Sannieshof’s cash vanishes in the bras of workers

2014-03-16 10:01

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Welcome to Sannieshof, where the town’s ratepayers are its unofficial mayors.

It’s a North West town where officials used to brazenly stuff people’s car licence fees into their bras and underpants – before abandoning the municipal offices entirely two weeks ago.

Several members of the public wrote to the municipality saying they had witnessed officials stuffing cash into their bras and underpants, while others were seen taking cash from residents and handing the notes to friends to buy lunch.

The sewerage system doesn’t function any more.

The reservoir pumps vanished recently and residents only found out this week they’d been taken to Klerksdorp for maintenance.

Now the Sannieshof Residents and Ratepayers’ Association runs most of the show.

Since 2007, association members have refused to pay their rates to the municipality.

Instead, the money is deposited into a trust account. About 30?000 people live in Sannieshof and neighbouring Agisanang, and about 50% of ratepayers have boycotted the municipality.

A year ago when a transformer exploded, both ANC and DA councillors went cap in hand to the association to ask for R250?000 to have it repaired.

It was either that, they told ratepayers, or the town would be without power for at least two months while they found another way to get the funds.

“People don’t want to come here any more. They drive to Lichtenburg to get their licences because they don’t trust Tswaing [municipality] any more,” says DA councillor Carin Visser.

Even if they did, they wouldn’t find anyone to take their payments. On Thursday morning when City Press visited the licensing department, the offices appeared abandoned.

None of the five cubicles were manned. A sign over each announced that the municipality only accepts cash.

Booming laughter suddenly disturbed the silence and a woman poked her head around a door.

“You will have to go to Delareyville [50km away] if you want to renew your licence,” she said. “They stole all our computers about two weeks ago.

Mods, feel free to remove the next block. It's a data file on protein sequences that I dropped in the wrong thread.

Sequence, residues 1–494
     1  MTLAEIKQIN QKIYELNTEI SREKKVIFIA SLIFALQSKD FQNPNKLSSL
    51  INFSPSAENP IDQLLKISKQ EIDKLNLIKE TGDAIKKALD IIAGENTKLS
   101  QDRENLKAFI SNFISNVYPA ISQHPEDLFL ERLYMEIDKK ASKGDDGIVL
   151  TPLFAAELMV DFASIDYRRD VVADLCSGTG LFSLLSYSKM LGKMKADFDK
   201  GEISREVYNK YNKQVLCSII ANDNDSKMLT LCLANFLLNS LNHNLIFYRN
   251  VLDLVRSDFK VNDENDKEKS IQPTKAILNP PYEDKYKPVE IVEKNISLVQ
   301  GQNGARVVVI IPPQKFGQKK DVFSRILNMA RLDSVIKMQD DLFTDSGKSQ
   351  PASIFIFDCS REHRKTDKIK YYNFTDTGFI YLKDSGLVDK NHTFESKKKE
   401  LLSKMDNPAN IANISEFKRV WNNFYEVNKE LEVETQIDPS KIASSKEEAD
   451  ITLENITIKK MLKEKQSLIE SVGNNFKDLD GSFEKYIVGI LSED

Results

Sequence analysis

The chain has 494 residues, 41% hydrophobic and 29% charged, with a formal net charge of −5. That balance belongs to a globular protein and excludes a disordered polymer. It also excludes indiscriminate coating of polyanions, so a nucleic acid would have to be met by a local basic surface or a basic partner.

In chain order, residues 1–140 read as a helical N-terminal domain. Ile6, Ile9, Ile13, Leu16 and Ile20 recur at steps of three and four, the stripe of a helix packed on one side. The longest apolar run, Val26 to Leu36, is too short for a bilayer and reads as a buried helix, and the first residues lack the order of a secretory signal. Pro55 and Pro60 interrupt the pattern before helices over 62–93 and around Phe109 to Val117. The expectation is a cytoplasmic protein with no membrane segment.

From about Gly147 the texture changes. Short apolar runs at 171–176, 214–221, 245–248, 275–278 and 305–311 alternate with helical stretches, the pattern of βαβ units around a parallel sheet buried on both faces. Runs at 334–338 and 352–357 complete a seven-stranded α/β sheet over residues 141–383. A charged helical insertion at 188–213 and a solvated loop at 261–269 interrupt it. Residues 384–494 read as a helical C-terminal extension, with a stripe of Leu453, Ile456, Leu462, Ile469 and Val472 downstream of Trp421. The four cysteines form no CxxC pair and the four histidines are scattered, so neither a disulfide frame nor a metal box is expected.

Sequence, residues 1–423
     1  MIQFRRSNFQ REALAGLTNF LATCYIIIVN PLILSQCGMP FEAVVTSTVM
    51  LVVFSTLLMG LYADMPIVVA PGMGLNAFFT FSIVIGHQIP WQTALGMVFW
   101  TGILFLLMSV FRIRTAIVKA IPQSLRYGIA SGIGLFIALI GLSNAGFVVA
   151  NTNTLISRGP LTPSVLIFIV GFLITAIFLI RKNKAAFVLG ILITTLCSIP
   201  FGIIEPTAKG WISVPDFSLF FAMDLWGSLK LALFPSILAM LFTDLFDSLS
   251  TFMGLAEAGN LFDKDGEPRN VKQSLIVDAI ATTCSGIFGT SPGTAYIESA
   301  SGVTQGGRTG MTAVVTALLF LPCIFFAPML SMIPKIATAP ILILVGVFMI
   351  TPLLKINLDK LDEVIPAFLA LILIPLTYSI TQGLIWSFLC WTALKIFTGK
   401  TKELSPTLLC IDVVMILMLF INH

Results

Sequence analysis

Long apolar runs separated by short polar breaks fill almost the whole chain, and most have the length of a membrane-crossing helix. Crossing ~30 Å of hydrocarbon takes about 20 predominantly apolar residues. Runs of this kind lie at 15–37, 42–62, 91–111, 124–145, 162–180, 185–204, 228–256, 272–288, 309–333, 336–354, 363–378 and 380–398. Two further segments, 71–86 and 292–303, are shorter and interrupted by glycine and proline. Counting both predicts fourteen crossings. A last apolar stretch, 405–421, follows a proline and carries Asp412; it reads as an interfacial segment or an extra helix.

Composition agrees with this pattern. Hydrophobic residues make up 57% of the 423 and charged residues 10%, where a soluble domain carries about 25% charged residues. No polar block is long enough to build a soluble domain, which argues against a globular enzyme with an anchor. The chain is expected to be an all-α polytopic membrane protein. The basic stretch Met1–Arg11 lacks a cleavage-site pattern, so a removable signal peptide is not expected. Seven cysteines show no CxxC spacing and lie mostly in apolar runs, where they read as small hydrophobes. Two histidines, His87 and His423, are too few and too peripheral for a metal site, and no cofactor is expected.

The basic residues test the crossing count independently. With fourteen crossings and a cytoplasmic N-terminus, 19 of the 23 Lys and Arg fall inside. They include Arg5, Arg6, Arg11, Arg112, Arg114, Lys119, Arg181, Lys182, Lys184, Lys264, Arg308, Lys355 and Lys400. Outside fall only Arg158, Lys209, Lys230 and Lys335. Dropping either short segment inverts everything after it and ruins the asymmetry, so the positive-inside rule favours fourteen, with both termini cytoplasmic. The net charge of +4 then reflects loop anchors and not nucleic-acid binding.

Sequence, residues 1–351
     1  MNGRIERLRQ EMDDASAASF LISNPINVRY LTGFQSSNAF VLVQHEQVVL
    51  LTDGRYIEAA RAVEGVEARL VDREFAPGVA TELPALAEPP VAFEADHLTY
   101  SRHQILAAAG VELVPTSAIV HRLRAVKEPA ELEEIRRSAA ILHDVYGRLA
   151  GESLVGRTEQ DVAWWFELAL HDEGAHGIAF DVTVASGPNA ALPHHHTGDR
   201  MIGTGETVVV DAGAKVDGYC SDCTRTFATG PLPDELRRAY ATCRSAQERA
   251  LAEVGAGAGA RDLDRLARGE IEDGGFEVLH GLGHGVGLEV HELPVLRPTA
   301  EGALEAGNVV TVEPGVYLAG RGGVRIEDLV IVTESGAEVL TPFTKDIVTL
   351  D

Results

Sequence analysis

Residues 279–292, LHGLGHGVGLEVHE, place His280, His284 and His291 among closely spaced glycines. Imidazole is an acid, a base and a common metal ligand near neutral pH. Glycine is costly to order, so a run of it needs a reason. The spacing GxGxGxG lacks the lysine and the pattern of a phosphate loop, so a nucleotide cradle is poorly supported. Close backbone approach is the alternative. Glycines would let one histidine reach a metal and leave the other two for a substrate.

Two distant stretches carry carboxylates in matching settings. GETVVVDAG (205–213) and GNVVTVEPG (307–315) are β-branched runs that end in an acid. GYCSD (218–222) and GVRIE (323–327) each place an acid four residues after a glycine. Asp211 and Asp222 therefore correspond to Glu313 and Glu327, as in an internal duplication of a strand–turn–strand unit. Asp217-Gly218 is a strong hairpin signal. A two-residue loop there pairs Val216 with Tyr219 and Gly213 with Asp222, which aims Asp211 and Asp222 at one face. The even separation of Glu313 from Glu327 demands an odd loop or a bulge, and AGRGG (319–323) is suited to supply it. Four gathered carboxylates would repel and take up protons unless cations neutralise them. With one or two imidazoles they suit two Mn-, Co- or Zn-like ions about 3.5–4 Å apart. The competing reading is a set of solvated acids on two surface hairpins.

“But you can only pay with cash, they don’t want cheques here. I don’t know why.”

Not all the computers were stolen. A few days later, the offices were broken into again and the remaining machines were doused in tomato sauce.

The official, who refused to give her name, was drinking tea with her friends on mismatched chairs in an office with sagging curtains.

“They don’t work here, it is only me,” she said. “I’m working but there isn’t much to do now.”

There are only two other people in the building apart from the City Press team and Visser.

Two men tell us they work there then wander off.

There is no security in the building and most of the window latches are broken.

Before the computers were stolen and work stopped completely, Sannieshof residents had laid numerous complaints at the municipality against officials they claimed were stealing public funds, says Visser.

At the time of its closure, says Visser, the licensing department was R5 million in arrears and residents wanted to know where their money had gone.

Visser said there were two theories about the recent thefts: vandalism and an attempt last Sunday to burn the building down.

“The municipality has to make a decision on whether it wants to put out a tender for the security of the municipal building.”

Two ANC councillors who refused to be identified say some believed the attacks could be an attempt to destroy evidence before any investigation.

Municipal manager Dion Mere did not respond to email and SMS requests for comment. His phone was switched off this week.

The two ANC councillors said they were deeply unhappy about what was happening in Sannieshof, but could only publicly voice their dissent within ANC structures.

“I love my job,” one told City Press. “And they fire you for speaking out.”

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